It’s only been going for a little while, but it’s already got some nice tips on there, like how to create a desktop shortcut to shutdown Windoze XP. It’s not life changing stuff, but it’s the little things that make the difference sometimes.

*may not be entirely true

British horror is looking good*

*although I’m not sure if ‘blood soaked’ counts as ‘looking good’, but you get the drift.

Last year we had the fantastic Shaun of the Dead UK link US link which managed to be scary, gruesome, and absolutely hilarious at the same time. I rate it as the funniest thing that British cinema has managed for a very long time, and for comedy moments probably rates higher than Monty Python And The Holy Grail.

Earlier this year I eventually got around to watching the 2002 British horror film 28 Days Later UK link US link, a film about a viral outbreak that turns people into psychopathic cannibal killers, resembling zombies that can sprint. It features some very effective moments, a fun plot that rips along, and a great performance by Christopher Eccleston, better known now as the recent Doctor Who.

This weekend I saw Creep UK link US link. I’ve seen quite a few horror films these days, but this really had some moments that made me wince. Really, I don’t quite know how to describe it, but it definitely hits the fragile spots. It features Franke Potente, best known for the superb German film Run Lola Run UK link US link as well as for being the girlfriend in The Bourne Identity and The Bourne Supremacy. She misses the last underground train and wakes up to find that the station is now locked. This would be pretty annoying if it weren’t for a complete slime from a party having got down there with her, and things get worse when a barely-human killer comes out to play. Yep, it sounds daft, but the director/writer has gone to great lengths to try and avoid the obvious twists. If you compare this to something like the US movie Jeepers Creepers you can see how great the difference is between the way that the material is handled. Anyway, if you fancy something a bit nasty and a bit scary then you could do a lot worse than give Creep a look.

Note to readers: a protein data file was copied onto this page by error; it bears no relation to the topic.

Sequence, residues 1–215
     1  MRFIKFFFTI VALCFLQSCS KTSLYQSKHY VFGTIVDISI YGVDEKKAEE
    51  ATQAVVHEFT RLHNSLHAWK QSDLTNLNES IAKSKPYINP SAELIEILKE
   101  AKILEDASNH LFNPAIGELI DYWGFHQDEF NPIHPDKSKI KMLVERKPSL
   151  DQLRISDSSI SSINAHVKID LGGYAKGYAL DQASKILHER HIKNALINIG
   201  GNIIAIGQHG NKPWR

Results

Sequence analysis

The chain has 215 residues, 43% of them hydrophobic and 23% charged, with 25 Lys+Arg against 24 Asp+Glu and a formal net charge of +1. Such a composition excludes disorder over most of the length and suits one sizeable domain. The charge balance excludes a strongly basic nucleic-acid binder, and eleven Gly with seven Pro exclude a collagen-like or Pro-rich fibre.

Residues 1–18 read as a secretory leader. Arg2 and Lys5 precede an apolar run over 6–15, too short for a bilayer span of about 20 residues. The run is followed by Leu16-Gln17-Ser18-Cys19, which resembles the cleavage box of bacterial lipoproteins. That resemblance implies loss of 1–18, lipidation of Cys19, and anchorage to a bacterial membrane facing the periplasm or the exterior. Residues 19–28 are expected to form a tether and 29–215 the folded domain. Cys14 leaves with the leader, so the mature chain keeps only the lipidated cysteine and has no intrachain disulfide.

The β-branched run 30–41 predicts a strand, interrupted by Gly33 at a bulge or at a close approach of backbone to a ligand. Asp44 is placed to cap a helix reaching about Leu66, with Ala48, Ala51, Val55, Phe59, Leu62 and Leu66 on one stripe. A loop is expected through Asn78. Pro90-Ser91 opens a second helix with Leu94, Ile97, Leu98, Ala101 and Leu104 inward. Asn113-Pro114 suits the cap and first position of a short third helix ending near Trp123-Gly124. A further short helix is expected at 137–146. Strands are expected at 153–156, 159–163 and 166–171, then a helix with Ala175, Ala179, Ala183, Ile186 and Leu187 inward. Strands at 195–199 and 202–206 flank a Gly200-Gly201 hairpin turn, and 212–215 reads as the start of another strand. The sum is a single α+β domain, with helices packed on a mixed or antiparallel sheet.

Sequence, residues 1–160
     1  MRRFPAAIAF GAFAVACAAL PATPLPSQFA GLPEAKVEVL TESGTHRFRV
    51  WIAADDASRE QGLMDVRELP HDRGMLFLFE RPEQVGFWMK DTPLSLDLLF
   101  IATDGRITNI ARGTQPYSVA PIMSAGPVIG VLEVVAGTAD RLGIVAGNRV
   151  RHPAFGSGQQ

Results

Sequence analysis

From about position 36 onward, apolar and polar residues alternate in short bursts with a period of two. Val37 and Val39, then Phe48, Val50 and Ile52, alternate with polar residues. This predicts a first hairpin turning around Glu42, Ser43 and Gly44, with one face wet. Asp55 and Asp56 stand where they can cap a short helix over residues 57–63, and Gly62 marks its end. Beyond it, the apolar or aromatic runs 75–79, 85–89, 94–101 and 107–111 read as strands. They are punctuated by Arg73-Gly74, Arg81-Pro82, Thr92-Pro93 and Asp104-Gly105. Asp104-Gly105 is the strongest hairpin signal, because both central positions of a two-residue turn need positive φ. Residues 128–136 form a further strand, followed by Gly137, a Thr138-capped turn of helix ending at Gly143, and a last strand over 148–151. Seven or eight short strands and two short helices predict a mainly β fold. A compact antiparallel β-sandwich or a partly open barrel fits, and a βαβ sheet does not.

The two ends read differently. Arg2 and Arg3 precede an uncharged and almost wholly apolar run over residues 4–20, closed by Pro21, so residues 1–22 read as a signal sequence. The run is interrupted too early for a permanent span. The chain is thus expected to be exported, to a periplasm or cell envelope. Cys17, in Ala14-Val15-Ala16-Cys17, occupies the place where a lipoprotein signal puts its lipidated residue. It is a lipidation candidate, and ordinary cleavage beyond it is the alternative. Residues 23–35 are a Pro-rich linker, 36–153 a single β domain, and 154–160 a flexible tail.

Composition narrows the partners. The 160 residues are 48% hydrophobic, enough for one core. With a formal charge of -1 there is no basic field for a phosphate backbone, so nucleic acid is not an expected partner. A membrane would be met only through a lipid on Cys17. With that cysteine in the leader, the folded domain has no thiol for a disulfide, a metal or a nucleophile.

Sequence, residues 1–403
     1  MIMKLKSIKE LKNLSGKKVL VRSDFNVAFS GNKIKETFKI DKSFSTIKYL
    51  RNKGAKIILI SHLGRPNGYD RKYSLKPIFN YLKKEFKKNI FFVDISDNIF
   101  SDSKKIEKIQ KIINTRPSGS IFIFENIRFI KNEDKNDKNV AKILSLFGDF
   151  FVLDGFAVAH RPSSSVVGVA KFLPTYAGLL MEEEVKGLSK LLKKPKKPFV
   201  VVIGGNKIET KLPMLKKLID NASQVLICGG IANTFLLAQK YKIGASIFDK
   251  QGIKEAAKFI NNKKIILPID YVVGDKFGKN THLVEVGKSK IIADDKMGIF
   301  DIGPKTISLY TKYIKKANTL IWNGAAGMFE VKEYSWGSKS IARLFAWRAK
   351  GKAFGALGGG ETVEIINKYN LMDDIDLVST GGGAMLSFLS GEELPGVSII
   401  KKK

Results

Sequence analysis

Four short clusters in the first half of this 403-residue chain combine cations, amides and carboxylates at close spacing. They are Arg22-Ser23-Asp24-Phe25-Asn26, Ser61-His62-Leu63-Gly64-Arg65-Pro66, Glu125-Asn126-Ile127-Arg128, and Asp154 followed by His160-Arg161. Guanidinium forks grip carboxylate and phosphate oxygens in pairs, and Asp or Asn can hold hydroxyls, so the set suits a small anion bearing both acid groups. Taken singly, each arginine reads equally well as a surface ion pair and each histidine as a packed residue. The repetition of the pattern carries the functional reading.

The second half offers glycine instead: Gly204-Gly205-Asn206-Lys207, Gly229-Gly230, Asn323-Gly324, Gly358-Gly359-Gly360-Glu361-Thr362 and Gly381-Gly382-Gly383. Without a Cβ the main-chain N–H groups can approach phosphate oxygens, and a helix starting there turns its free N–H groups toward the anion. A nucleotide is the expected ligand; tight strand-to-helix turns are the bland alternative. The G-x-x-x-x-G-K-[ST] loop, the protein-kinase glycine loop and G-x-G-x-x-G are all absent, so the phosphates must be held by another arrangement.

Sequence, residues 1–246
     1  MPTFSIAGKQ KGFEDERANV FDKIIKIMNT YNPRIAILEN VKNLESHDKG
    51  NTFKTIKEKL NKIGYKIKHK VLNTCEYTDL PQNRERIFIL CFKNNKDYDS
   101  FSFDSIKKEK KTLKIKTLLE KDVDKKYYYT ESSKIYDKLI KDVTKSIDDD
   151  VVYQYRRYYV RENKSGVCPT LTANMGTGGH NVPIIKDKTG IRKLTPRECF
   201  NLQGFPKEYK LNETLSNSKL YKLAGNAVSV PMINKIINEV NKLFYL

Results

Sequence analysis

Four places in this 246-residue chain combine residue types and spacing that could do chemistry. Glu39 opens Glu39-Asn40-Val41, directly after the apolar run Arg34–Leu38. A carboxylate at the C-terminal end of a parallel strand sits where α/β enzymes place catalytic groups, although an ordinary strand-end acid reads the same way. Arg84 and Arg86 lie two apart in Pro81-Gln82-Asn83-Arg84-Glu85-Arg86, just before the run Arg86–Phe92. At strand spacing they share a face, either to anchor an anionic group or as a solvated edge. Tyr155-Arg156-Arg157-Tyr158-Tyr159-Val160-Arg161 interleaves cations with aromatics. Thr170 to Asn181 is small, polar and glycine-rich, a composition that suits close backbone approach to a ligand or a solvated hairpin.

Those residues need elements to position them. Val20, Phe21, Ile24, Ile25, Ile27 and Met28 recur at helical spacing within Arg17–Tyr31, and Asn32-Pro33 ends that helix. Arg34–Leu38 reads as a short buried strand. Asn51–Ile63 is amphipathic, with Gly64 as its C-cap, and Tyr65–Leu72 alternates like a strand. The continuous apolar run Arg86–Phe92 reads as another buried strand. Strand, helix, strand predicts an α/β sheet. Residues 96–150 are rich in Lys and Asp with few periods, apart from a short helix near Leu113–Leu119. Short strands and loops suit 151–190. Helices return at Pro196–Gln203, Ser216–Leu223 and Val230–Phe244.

British horror really does seem to be doing very well at the moment. I’m looking forward to what happens next!

On a side-note: I can imagine approaching Franke Potente with a script-

Mata: Hi Franke, I’m making a film about a young woman who is struggling to regain her memories of the past.
Franke: Uh huh.
M: She meets people who all seem familiar, but they all pretend not to recognise her…
F: I’m not sure.
M: So she has to sprint between them against the clock to
F: I’M IN!

She certainly does like running in films, that lady.

It’s Ig-Nobel prize time again!

Hurrah! The Ig-Nobel prizes are given out to people for the most pointless contributions to science. This year’s peace prize, for example, goes to Claire Rind and Peter Simmons of Newcastle University, in the U.K., for electrically monitoring the activity of a brain cell in a locust while that locust was watching selected highlights from the movie “Star Wars.”